Your spouse is ill. A couple of weeks after she’s been on serious meds that keep her nauseous and on an old person’s sleep schedule, there’s this moment. It comes around 8:15 or so when you look over and see that she’s asleep already, again. That’s when you realize that you feel a little lonely and maybe being able to finally watch that crime film or the first season of the British horror series or that depressing sci-fi film from the 70s isn’t as much fun as you thought it would be, and you feel a little bad for all those days you wished she’d leave you alone for a night so you could do whatever the hell you wanted to do.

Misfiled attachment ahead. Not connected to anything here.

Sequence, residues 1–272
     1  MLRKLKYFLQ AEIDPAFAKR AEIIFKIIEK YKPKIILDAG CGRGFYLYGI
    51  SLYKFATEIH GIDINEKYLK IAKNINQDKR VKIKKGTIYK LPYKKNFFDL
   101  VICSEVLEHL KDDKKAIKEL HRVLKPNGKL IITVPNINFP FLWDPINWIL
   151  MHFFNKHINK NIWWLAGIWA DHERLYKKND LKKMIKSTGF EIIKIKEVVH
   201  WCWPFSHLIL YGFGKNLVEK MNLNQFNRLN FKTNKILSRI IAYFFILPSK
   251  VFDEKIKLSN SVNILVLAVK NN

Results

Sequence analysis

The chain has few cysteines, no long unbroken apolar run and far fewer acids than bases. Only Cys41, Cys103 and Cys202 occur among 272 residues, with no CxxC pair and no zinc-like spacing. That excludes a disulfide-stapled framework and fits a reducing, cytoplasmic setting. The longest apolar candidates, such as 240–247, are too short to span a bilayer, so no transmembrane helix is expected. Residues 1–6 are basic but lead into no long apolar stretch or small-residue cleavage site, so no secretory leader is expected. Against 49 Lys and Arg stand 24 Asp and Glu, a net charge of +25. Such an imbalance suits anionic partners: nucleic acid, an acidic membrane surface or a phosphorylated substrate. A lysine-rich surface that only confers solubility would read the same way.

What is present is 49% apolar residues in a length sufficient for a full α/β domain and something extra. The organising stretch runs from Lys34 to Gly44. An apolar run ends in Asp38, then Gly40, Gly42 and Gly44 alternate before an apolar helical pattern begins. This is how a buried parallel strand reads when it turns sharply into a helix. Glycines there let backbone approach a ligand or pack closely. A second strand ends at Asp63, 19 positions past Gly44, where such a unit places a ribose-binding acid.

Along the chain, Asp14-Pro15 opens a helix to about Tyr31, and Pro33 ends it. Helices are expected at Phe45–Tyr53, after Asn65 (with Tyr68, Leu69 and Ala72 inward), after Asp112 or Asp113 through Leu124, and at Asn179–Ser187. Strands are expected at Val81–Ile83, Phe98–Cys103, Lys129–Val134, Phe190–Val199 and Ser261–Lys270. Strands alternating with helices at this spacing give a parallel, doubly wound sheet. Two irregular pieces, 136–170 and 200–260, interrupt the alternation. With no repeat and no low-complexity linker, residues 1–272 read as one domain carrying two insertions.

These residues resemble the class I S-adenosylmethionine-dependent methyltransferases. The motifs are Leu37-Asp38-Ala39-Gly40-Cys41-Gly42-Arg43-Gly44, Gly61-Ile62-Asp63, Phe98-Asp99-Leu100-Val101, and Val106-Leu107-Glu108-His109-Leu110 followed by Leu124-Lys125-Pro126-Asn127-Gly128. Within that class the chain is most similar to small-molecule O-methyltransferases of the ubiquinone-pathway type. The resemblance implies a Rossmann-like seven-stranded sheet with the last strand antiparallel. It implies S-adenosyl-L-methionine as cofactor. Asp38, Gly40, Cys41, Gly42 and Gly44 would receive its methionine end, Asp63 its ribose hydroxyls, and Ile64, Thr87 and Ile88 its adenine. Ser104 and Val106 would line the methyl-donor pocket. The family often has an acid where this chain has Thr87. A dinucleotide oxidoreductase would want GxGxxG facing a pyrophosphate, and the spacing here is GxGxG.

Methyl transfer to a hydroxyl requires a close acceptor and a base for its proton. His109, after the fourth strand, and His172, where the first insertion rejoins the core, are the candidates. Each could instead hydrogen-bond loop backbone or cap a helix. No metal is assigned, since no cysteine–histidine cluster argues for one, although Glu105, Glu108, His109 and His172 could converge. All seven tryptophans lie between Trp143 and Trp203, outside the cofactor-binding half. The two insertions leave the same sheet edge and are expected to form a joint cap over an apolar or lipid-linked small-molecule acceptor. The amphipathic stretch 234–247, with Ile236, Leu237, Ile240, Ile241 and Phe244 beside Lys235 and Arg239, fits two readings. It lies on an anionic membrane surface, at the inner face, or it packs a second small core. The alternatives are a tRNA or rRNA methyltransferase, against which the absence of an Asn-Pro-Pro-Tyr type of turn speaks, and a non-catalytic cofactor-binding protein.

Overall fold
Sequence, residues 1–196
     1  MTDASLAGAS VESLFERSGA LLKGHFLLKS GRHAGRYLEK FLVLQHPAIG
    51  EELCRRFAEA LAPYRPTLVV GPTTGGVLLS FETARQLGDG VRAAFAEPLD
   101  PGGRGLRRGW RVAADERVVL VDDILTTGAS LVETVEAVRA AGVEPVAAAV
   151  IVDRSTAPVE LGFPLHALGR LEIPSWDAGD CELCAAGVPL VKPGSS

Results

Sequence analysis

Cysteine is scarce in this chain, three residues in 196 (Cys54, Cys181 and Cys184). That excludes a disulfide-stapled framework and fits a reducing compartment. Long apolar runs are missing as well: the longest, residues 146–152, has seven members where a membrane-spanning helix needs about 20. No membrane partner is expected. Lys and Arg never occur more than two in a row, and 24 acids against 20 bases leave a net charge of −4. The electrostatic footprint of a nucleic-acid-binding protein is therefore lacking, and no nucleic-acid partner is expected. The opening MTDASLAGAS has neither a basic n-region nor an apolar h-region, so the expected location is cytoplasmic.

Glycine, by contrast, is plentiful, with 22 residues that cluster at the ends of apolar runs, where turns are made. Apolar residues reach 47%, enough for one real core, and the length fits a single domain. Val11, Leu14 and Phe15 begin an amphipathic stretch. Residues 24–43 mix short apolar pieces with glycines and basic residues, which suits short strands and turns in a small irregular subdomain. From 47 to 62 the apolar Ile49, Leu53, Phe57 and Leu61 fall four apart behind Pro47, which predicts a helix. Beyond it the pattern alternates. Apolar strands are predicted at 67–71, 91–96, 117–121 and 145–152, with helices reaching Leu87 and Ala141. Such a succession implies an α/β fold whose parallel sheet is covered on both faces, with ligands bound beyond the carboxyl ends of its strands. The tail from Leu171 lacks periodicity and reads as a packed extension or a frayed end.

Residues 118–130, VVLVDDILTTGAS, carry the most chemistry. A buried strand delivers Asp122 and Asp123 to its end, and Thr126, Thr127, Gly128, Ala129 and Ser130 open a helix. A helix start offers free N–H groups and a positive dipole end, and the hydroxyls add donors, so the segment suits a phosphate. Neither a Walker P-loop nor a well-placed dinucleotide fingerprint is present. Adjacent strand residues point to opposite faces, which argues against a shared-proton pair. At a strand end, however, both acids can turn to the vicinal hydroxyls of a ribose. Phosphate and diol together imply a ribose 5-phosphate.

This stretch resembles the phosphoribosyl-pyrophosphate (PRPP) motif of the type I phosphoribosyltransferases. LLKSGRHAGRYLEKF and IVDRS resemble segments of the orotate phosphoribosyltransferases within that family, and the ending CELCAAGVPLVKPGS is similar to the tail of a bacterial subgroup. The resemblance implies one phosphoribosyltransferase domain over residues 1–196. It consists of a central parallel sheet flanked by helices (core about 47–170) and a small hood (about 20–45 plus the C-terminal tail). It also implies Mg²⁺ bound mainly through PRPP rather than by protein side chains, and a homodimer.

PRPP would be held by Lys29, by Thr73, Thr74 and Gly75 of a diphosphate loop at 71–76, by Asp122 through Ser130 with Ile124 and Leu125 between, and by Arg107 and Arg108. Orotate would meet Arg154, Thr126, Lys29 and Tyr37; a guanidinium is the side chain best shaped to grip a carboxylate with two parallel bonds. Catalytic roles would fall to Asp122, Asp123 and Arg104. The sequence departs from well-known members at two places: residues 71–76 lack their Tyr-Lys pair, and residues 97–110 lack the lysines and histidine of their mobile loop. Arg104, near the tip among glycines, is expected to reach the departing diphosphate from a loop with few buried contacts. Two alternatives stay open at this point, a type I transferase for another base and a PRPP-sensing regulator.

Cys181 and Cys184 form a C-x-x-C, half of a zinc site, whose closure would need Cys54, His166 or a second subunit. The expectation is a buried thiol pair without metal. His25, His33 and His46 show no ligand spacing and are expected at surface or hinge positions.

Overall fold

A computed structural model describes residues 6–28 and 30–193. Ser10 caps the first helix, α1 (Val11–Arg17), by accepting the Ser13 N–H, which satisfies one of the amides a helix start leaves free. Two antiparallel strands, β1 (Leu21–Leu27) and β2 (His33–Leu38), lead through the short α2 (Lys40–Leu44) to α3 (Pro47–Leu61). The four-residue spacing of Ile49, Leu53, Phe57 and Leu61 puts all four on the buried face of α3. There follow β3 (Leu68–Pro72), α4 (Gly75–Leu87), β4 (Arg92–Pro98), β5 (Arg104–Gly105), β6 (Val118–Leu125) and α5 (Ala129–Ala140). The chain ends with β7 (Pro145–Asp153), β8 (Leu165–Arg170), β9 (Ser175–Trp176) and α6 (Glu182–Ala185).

That’s when you’re really struck with some eye-opening perspective on why you should be present and fully engaged in the moment.
The hard part, I think, the part I have trouble with, is to be present and engaged with every moment, because that awful moment of awareness, that moment of loneliness, is just as important.